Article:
Filed under: Action, Incarceration, Northeast
Submitted to It’s Going Down
Across the country, prisoners have been pushing back against the indignities of prison. In Texas, prisoners have been on strike against slave labor for almost one month. Bubbling tensions in Holman, Alabama have erupted into prison riots at least twice and are now taking the form of a work stoppage. Three facilities around Michigan have seen mass protests, with inmates refusing meals and skipping meetings with the prison staff in protest against food quality. Louisiana has also seen hunger strikes recently. All of these actions lead toward a nation-wide prison strike on September 9th, the anniversary of the Attica uprising.
On May Day, between 15 and 20 people gathered for a short autonomous march through West Philly in solidarity with prisoners’ struggles and against prison society. The demonstration moved east behind two banners, “Prisoners to the Streets” and “REVENGE”. Music from a sound system kept the atmosphere playful.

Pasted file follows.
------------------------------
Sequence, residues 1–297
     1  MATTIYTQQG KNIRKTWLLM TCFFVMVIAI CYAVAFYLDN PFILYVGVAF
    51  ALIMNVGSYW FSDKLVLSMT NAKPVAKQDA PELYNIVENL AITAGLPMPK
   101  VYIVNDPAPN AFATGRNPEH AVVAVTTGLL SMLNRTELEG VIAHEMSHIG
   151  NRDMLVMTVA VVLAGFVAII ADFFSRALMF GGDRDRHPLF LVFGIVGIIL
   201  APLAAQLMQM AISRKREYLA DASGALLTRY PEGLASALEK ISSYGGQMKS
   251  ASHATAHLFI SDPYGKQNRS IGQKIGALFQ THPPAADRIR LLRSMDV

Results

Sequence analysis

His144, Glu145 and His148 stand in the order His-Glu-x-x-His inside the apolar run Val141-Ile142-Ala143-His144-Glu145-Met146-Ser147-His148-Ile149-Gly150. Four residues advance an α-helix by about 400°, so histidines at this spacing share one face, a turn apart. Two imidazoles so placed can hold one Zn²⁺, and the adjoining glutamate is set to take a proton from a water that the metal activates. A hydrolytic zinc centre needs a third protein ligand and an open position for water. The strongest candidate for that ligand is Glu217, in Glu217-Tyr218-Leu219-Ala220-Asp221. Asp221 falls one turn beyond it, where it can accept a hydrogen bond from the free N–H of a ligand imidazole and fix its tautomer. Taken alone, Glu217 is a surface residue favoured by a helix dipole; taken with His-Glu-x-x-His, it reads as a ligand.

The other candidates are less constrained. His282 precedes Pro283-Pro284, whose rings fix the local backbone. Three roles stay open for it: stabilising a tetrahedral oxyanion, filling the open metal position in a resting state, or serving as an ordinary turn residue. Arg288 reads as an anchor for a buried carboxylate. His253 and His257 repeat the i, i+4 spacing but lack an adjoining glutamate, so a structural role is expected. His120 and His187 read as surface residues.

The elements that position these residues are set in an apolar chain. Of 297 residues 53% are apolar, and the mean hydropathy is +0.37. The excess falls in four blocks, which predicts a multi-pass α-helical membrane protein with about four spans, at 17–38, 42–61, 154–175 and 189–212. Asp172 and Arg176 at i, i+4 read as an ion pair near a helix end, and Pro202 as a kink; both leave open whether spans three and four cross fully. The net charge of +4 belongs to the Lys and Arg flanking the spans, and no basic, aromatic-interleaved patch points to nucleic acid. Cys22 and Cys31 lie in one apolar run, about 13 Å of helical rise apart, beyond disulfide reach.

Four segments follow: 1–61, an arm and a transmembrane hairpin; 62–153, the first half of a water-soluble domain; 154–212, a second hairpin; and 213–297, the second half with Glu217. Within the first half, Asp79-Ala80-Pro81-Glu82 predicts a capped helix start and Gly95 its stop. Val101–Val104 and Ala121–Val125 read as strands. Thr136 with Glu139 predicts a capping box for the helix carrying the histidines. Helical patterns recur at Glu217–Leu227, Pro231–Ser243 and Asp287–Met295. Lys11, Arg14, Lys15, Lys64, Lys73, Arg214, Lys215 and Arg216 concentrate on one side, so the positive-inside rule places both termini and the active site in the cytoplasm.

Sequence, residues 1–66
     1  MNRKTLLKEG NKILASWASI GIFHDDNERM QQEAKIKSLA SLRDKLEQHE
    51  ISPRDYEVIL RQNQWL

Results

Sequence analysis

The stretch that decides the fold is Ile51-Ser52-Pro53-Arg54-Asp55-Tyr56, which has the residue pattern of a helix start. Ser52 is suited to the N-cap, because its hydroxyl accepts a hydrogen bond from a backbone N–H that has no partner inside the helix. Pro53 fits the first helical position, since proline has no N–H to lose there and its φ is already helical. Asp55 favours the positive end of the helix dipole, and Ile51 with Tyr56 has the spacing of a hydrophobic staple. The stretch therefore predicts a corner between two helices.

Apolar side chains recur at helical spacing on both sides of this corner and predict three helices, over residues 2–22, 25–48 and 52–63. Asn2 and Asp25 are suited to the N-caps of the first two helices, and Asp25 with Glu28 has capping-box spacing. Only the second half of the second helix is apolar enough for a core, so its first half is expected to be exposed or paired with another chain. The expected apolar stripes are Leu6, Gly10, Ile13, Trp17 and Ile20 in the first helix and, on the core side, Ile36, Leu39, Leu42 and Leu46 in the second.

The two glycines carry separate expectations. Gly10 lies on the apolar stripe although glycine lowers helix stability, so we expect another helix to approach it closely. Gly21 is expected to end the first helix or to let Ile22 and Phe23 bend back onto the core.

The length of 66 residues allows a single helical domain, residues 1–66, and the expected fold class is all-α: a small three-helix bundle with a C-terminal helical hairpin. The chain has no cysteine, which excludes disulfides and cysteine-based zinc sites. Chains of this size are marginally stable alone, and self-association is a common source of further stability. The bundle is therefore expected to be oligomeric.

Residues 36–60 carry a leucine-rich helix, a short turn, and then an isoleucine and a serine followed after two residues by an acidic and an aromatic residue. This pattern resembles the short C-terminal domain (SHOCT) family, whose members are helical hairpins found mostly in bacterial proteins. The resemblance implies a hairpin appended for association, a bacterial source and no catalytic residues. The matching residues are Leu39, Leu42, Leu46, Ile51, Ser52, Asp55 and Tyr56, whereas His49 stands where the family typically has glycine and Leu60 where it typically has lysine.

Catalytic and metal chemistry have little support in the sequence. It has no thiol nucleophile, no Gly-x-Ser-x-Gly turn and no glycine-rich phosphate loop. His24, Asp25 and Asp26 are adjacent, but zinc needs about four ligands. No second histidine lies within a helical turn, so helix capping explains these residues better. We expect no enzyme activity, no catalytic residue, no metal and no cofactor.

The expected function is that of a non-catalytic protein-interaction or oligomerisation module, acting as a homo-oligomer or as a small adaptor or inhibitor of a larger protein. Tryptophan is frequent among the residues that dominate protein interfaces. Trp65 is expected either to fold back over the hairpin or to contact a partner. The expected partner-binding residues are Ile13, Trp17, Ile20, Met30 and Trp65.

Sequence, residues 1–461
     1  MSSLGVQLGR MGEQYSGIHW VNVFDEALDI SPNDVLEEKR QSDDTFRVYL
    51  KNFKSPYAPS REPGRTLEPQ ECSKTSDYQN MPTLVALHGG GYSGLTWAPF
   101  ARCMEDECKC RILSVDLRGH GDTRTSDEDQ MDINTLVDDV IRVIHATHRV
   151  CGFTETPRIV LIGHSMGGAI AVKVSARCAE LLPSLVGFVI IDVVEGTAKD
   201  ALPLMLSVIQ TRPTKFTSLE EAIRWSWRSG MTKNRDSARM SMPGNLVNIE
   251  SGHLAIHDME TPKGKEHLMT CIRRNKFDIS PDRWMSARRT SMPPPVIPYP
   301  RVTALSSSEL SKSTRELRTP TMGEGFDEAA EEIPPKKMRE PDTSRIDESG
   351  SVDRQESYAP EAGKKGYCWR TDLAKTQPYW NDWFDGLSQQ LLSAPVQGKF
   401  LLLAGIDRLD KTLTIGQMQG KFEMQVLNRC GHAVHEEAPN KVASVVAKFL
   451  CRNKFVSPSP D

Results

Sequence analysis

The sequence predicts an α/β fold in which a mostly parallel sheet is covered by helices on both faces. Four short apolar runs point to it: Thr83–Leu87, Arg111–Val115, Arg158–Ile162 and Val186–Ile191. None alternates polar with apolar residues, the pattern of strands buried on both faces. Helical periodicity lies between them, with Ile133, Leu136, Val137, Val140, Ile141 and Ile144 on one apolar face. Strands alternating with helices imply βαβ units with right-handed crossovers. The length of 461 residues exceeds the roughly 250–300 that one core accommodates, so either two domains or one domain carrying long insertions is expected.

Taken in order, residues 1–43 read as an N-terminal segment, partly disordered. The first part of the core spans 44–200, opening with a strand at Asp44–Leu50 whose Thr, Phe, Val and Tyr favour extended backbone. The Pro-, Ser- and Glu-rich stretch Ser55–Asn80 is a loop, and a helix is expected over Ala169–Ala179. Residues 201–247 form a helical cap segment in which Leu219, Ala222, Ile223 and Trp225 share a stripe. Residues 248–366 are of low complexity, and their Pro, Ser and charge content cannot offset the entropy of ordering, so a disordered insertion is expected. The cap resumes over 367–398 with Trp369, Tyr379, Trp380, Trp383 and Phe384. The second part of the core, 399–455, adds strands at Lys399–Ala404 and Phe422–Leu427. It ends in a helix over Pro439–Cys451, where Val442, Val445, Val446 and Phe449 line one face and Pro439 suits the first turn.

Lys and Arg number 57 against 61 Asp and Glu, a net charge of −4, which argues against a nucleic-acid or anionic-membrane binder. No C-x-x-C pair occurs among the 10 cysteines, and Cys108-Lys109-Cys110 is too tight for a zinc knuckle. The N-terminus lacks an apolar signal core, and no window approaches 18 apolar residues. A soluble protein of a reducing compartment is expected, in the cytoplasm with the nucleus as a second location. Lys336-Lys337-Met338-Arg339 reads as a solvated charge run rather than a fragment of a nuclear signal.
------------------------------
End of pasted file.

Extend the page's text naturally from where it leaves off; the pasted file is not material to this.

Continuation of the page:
Pamphlets expressing solidarity with struggles in prison were given to people in cars and in the street who were curious about what was happening. Stickers and tags against police and prison were put up along the way. A police substation received a few splashes of paint as the march passed it. People generally seemed enthusiastic about the demonstration and expressed their support from the sidewalks and cars.
The march ended and dispersed without incident at a nearby park. It had been promoted in a way to decrease the possibility of police presence at the meetup and no police were around for the entirety of the brief march.
-Avoiding reliance on Facebook and building networks of friends and comrades in less mediated ways makes repression harder.
-More dialogue between participants — especially during the demonstration — can make events like these less confusing in the future.
-As long as an escalation is not too drastic, sharing tools (like paint, stickers, flyers, etc) can welcome and encourage people to take action in a friendly setting.
-Bad weather is not the end of the world.